again, thank you for your responses!
that is if the med cart is locked then there needs to be an additional lockbox or drawer inside the general med storage area in which the controlled substances are kept. the lock to the room does not count as 1 lock is my understanding; i.e. locked room & locked cart still requires an additional lockbox or drawer inside the cart. in addition any personnel handling those meds should be documenting on a daily basis with another person the actual count of each controlled substance on hand.
super plan! i can start this today. we do lock the room, but i could also put the controlled stuff in the lock box installed inside the bottom of my carts. i keep my md's rx pads in there... never even thought of that! thank you. now- as for documenting counts daily- just don't know how feasible that is? i can't find legal requirements, either? some places (the er i work in- requires bid checks) and others, (nursing homes) count weekly....so it seems to be a personal choice of the facility. does the dea mandate a certain number of counts as far as you know? i could try to meet up with the cottage manager a few times a week so we could count the meds together- then we could see which staff were working if something did turn up missing?
i am not familiar with the licensing policies in your state but here in texas any unlicensed personnel assisting or administering meds must document on a sheet (what you call your tech mar) but i personally don't think you should be documenting any meds you do not actually administer.
i only document that i filled
the med boxes with the accurate medications for those days/times. the uap only documents that they gave
the medications that were in the box on that day/time. so, i am not documenting that i physically administered the med- the uap is initialing that they did (except during the day when i also initial the "tech mar", because i am physically giving the meds). i initial on my mar (uap's don't sign this) that i filled the med boxes per the physician's orders. i do the "right" person/dose/med/time part of med administration, then it is up to the uap to do the "right" person/ time/route. does that sound appropriate? i know there are many agencies that do not believe in medication dispensers, but after taking into account this facilities specific needs, i have decided it does, in fact, make medication passing safer. the blister packs were overwhelming for uaps, who then got nervous and made mistakes or just gave up passing meds all together...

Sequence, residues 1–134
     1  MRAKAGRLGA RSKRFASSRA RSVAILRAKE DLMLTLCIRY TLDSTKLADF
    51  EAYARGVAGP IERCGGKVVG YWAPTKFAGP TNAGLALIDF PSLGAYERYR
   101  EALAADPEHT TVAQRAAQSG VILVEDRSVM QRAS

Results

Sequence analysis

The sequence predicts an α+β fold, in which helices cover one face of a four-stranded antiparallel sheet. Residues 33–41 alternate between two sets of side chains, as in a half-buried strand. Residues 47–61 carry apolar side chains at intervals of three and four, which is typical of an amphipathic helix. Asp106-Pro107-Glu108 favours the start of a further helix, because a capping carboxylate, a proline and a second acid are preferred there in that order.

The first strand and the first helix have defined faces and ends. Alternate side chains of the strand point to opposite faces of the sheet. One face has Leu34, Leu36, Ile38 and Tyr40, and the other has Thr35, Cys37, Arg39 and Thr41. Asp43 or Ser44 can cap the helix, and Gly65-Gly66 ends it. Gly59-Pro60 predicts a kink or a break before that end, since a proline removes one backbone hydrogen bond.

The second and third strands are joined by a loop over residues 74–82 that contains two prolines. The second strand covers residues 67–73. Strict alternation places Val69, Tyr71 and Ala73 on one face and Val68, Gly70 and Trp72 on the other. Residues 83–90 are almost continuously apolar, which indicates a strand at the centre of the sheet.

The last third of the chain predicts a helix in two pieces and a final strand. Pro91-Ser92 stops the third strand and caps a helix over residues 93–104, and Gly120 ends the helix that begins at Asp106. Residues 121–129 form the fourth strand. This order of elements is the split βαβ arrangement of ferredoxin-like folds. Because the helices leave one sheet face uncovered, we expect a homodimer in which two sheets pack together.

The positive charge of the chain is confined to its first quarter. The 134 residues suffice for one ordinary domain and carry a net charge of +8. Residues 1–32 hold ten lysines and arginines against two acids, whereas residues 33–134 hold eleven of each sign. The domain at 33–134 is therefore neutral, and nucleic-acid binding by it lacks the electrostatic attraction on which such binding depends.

count or inventory control logs are a good idea but if a non nursing person was trying to figure out who gave what med when two different mars would be very confusing to them.
uaps don't use the actual mar- just i do. they only initial the tech mar when they give a child the meds from the pocket of the dispenser that i filled using the actual mar. i keep track of both mars so it can be shown that i did, in fact, fill the box correctly and the uap did, in fact, administer the meds from the dispenser.
per training ideas if your state uses certified medication aides check with the regulatory agency who credentials them for curriculums.
i cannot find that we do use "certified medication aides"... from what i can tell the bon has been working on it for years, but never has actually created a plan? wy is the "cowboy state" and we tend to be the last place laws are instituted.... when i contacted the bon they said they saw no legal reason i shouldn't be training these uap's in my facility- and that maybe i should contact the board of pharmacy for suggestions on a decent training plan??? see? gray areas!!!or better yet if the school would hire or pay for cma training for the staff administering meds that would be great.....if your state has such a thing as a cma.
my "boss" is great and would have no problem paying for any training i thought we could use. i did find a training course established by the developmental disabilities division and the wy department of health called "medication assistance for unlicensed personnel" that was last updated sept. 09. i really like the info. in it, but it is super intensive. i would like to use it and have contacted them about what i need to do to get them here to train our staff or what i need to do to become "certified" to train my own staff, but i am still awaiting response (weeks!) i think i will start planning to train my staff using it anyways- it's not like there are laws about it!!!??? for craps sakes, how do i convince my boss to pay for this stuff it it isn't mandated and is available online??? maybe she could just write me a bonus check instead!!!ugggh.
it is also a good idea to have a list of common medical abbreviations, poison control number and an outline of how to give meds stored in the tech mar notebook as a quick reference. any med errors need to be documented on an incident form and i would suggest you in service that staff if they make a med error to include omitting meds. this shows you are monitoring, training and aware of what is happening.
i agree. i have even considered taking pictures of what each child's meds look like for quick reference in the book... but it would be much easier if drug manufacturers could agree on what a drug should always look like! (big pet-peeve). we do chart med errors on our "incident report" that includes what happened, who was contacted, how child was monitored, etc. i even found a developmental disabilities division site for submitting med errors electronically, so i am planning to contact them to be sure i should be doing that.